- Does climate change cause extreme weather? A scorching reality check -- Real Clear Investigations
- Biden infrastructure plan is Solyndra on steroids, paying off donors -- Real Clear Energy
- Blackrock’s former sustainable investing chief now thinks ESG is a ‘dangerous placebo’ -- CNBC
- Fossil fuels (oil, gas, and coal) are used in more ways than just burning for energy. -- Master Resource
- Pennsylvania is catching up with Texas natural gas production -- Farm and Dairy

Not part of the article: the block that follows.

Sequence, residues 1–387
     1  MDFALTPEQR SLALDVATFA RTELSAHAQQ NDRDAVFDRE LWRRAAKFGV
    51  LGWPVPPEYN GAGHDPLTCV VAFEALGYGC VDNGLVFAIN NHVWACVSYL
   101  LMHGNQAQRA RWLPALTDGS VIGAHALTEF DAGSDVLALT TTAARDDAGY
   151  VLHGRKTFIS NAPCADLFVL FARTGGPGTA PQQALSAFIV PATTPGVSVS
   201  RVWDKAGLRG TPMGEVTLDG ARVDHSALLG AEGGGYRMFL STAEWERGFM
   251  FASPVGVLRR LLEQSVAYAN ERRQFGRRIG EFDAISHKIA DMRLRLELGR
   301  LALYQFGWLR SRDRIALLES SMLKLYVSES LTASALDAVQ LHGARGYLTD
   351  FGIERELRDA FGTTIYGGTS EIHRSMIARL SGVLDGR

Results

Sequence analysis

- We need more U.S. oil production, not an import-more-foreign-oil strategy -- Real Clear Energy
- China's provinces still planning over 100 GW of new coal projects -- Reuters
- California to add five natural gas generation plants to avoid blackouts -- California Globe
- Biden's clean energy program loses opportunity for Afghan lithium -- Institute for Energy Research
Factoid of the Week
Source: Master Resource
via Microsoft Teams
Bismarck Event Center
via Microsoft Teams
Bismarck Event Center
Bismarck Event Center
The ARC - Williston
Bismarck Event Center
Ramkota Hotel - Bismarck
August 27, 2021
WTI Crude: $68.74
Brent Crude: $72.70
Natural Gas: $4.37
North Dakota Active Oil Rigs: 25 (Unchanged) 8/27/2020 -- 10 rigs